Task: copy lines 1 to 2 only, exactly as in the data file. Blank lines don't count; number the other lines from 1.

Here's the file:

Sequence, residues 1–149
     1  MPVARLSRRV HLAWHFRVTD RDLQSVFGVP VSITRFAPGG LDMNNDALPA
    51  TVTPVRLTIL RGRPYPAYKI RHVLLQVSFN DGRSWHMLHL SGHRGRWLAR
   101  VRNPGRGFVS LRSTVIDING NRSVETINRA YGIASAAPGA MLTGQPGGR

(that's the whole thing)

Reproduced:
Sequence, residues 1–149
     1  MPVARLSRRV HLAWHFRVTD RDLQSVFGVP VSITRFAPGG LDMNNDALPA